Yes, There's Such a Thing as 'Good Sugars' — Here's How to Find Them
It’s no secret that Americans consume way too much sugar. With the obesity epidemic at an all-time high, a lot of people are pointing to sugar as the main culprit. But is all sugar to blame? Contrary to what you might think, not all types of sugar make it onto the naughty list.
What’s the real deal on sugar?
Sugar gets a bad rap, regardless of what kind of sugar is in question. What we forget, Dr. Nancy P. Rahnama, a bariatric physician and physician nutrition specialist, tells SheKnows, is that all sugar is not "bad."
“Carbohydrates are different combinations of sugar, and all carbohydrates result in insulin secretion, which is the main component of weight gain, high cholesterol, high blood pressure and diabetes,” Rahnama explains.
Glucose (which makes up sucrose, or table sugar, and high-fructose corn syrup) causes an immediate surge of insulin, while fructose (naturally occurring sugar) causes a more delayed release of insulin, she says.
This delayed insulin response happens because natural sugar is packaged with fiber, water, antioxidants, vitamins, minerals and other nutrients that slow the release of that sugar in the bloodstream.
Therefore, when looking at the total carbohydrate content of food, Rahnama says to pay attention to soluble fiber since it will lessen the insulin effect by delaying the absorption of sugar.
"Good" sugar vs. "bad" sugar
Now that you know that natural, or “good,” sugars are in and added, or “bad,” sugars are out, the question is: What is considered a good (naturally occurring) and bad (added) sugar?
Registered dietitian and certified diabetes educator, Deborah Malkoff-Cohen tells SheKnows that naturally occurring sugars are those sugars already found naturally in food(s) like milk (lactose) and fruit (fructose).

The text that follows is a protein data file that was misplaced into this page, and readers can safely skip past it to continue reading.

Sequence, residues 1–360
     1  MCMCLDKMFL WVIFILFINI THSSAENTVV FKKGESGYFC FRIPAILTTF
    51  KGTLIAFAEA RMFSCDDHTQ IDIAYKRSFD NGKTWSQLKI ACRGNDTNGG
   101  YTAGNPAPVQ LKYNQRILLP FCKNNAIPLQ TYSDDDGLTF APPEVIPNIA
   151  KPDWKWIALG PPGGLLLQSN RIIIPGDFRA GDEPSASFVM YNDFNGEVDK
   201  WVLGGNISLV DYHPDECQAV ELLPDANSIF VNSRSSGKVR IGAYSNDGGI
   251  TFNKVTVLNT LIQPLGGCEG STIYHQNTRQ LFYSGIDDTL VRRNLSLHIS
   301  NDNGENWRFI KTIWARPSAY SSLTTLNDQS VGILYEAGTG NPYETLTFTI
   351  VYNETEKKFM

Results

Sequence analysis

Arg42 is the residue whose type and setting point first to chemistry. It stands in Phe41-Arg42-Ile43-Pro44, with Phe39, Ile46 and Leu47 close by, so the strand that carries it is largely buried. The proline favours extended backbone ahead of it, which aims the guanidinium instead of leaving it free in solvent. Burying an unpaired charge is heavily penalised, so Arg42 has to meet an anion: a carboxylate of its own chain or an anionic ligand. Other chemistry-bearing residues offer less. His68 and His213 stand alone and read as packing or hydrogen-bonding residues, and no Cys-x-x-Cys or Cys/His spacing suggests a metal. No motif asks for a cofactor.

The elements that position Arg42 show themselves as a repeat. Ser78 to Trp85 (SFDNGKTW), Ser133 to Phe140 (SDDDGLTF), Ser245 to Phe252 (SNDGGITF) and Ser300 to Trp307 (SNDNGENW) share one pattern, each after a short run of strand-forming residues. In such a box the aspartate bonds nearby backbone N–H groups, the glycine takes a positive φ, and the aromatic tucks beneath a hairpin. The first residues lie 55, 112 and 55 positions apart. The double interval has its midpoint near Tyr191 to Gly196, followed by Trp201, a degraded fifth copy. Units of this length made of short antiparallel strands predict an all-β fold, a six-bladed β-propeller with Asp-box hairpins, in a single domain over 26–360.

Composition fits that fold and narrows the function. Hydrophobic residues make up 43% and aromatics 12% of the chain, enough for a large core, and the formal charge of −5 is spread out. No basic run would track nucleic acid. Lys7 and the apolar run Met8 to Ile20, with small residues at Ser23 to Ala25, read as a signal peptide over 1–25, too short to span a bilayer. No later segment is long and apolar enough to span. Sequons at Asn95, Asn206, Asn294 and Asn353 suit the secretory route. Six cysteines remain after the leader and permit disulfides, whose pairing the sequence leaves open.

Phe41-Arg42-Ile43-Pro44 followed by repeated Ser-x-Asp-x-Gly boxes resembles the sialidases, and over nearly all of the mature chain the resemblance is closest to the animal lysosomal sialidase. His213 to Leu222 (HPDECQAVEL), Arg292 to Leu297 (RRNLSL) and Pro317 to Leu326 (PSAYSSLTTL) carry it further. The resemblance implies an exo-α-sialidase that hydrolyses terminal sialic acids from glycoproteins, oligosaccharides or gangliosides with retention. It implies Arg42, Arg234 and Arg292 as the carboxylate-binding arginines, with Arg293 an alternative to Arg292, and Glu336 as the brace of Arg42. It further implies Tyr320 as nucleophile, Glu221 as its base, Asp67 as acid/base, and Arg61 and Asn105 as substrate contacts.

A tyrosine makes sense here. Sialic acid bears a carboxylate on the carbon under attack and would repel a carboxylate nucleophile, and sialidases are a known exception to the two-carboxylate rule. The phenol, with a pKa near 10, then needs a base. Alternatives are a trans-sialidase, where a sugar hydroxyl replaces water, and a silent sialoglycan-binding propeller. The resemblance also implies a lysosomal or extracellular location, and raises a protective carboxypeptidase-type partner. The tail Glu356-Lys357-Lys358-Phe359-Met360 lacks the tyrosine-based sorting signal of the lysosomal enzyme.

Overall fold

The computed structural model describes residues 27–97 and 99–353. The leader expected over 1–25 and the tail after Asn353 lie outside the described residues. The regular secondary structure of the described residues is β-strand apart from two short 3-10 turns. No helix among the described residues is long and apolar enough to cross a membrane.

But added sugars — the ones we need to eat sparingly — can be found in table sugar, honey or high-fructose corn syrup. They are called “added” because they are added during processing, cooking or prepping the food.
“Both will spike your blood sugar, but added sugar typically spikes it more,” Malkoff-Cohen explains. For example, eating an apple is not as detrimental to your health as drinking a can of soda. That’s because the sugar in the apple is coupled with fiber to help slow the sugar spike.
However, Malkoff-Cohen says the direct hit from the soda that only takes seconds to drink and has zero fiber or any redeeming nutritional qualities, will completely blow your blood sugar out of the park.
Some foods, like flavored yogurt and chocolate milk, have both natural and added sugar, she notes. They have lactose naturally found in plain yogurt or milk and added sugar from the flavors added.
Sources of good sugar
When choosing the best sugars to include in your diet, make sure you focus on the natural sugars — fructose and lactose — and ditch the foods that contain sucrose and high-fructose corn syrup.
Malkoff-Cohen suggests opting for these foods that contain natural sugars:
- Dairy products like milk and unsweetened Greek yogurt contain lactose, which is made of glucose and galactose. But dairy products are also packed full of protein and a variety of vitamins and minerals that can help your body take more time to process the sugar.
- Fruit contains fructose, but the fiber it’s packed with slows down the absorption of the sugar. Fruit also contains vitamins and minerals that make fruit another healthy choice to include in your diet.
- Certain vegetables and root vegetables — such as carrots, beets, sweet potatoes, potatoes, yams and parsnips — also contain natural sugars. But like fruit, they have a greater nutritional value than foods with added sugar.
Separating the more natural or good sugars from the processed foods that are packed full of added sugar (namely high-fructose corn syrup and sucrose) can help you feel better and improve your overall health.